Much like a tenet of agile software development is that "planning is more important than the plan," there are some questions about software development that are useful to explore, even if you can't suggest a good answer. One of these these is whether what we, as software developers do, is (or can be) engineering.
I was talking with a colleague about a comment someone made about a post about lessons that software engineers can learn from artists. In this comment the poster raised an issue that comes up a lot when someone uses the phrase "software engineer." The question was, in essence:
My colleague, who has a background in Naval Engineering and who is engaged to an Electrical Engineer (who designs and builds hardware) suggested that the difference is that one rule of thumb might be:
An example was that to build a bridge you need to do calculations to determine if the bridge, as designed, will support the load you want to support. Many of the "classical" engineering disciplines (Mechanical, structural, electrical) fit that criterion. But by that definition, some things which most would agree that are crafts, such as carpentry, involve calculations. So there is probably more to it that that.
On the other hand, I don't think that all work that is in a discipline that we might call "engineering" is engineering. A good friend designs test equipment for a living. When he builds a sensor to measure the performance of his home heating system is he doing engineering, or is that activity more like a hobby or craft?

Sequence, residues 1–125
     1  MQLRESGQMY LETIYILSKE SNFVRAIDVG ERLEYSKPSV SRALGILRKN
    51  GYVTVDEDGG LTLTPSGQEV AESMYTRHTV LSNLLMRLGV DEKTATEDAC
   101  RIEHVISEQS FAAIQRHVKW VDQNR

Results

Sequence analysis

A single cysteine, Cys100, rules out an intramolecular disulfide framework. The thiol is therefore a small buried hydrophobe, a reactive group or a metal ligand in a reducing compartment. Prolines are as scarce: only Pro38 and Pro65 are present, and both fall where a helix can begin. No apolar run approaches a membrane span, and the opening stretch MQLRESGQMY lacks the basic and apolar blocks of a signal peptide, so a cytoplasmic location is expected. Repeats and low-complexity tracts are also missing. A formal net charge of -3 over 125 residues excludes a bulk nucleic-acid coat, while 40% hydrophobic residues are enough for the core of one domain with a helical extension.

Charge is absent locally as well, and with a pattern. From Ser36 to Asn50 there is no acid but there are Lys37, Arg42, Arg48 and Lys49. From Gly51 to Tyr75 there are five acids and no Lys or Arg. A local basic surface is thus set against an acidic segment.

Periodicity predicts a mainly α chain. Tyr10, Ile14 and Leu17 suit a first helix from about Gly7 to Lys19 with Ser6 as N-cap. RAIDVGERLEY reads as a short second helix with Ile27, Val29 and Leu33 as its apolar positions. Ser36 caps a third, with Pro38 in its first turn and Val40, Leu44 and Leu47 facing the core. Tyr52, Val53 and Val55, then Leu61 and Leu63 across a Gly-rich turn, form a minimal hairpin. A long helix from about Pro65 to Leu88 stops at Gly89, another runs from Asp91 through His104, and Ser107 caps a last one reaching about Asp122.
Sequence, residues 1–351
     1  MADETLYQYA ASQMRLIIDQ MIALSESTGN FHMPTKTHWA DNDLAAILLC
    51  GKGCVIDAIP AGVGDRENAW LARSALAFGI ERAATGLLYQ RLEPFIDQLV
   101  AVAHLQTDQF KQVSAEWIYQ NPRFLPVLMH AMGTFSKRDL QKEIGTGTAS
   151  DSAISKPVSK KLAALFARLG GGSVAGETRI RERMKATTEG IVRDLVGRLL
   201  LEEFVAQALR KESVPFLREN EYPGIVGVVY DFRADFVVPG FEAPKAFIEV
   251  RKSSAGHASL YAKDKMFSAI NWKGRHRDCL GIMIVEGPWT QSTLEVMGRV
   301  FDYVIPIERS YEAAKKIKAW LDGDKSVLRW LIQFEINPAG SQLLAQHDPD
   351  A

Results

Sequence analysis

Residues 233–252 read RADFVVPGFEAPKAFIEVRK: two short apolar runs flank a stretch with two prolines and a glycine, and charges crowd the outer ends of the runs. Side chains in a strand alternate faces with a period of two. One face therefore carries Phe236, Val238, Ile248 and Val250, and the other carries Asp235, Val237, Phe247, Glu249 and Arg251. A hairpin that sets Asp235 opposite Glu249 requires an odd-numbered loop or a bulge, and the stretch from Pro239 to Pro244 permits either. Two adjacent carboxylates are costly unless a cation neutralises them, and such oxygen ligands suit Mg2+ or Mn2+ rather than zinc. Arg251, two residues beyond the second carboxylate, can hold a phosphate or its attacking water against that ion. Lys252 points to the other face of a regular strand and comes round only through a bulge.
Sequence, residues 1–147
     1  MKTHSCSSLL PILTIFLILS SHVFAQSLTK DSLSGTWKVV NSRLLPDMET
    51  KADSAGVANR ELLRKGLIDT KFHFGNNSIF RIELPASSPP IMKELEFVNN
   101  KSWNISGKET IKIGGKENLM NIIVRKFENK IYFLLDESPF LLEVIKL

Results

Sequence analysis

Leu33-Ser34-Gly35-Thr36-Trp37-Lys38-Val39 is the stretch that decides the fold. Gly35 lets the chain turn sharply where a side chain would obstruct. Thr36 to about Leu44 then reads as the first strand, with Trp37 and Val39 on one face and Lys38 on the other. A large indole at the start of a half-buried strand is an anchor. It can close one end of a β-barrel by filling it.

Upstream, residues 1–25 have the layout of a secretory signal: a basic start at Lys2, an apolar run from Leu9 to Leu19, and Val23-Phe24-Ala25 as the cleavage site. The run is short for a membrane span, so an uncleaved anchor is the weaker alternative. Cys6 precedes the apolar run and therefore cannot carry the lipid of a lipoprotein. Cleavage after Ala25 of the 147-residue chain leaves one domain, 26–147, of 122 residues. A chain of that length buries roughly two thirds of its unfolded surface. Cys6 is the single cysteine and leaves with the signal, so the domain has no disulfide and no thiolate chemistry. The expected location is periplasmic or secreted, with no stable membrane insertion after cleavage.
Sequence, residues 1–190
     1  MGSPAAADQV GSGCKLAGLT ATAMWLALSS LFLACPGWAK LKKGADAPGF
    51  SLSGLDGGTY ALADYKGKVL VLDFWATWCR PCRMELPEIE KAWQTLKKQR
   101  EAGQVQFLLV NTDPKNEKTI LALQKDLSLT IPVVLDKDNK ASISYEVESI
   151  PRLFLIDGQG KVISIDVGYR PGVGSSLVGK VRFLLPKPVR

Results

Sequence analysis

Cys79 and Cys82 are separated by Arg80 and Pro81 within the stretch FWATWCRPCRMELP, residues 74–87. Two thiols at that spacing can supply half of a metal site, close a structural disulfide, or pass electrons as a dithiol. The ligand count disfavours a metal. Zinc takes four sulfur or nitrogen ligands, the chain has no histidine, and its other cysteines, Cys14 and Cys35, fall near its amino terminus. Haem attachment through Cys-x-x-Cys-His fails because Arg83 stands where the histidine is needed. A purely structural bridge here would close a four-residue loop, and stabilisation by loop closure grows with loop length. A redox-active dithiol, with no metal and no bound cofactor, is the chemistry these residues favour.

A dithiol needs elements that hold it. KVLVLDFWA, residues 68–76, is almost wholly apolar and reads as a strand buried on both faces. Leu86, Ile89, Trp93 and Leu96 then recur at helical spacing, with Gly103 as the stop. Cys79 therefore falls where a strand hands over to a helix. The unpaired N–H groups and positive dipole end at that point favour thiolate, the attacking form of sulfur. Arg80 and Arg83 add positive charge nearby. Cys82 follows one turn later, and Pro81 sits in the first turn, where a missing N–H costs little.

As I think of the question, and the frequency at which it comes up, I wonder:
Engineering, to me, implies a certain level of discipline are repeatable process, and all of the classic engineering disciplines are grounded in physical laws that we are fairly confident in for the scales at which they apply.
If the "software engineering" question is important to you, take a minute to understand why you are asking the question, as the reason for asking may affect the answer. You can bring discipline to building something you regardless of whether or not you are engineering. I don't think that the question of how (or whether) to make software into an engineering discipline is an unimportant one. But I do think that it is often asked in a vacuum, much like the an attempt at a user story that is missing the "so that..." clause.
To me, as a professional, it's more important that I bring discipline to what I do. I want to build useful, quality, software where the definition of "quality" that is often most appropriate is Jerry Weinberg's from Quality Software Management: Systems Thinking:
I was educated as an engineer, and I define engineering as the application of scientific principles to providing solutions for problems. Software is based on scientific principles such as mathematics, logic and psychology, and provides solutions to problems. Therefore software is engineering.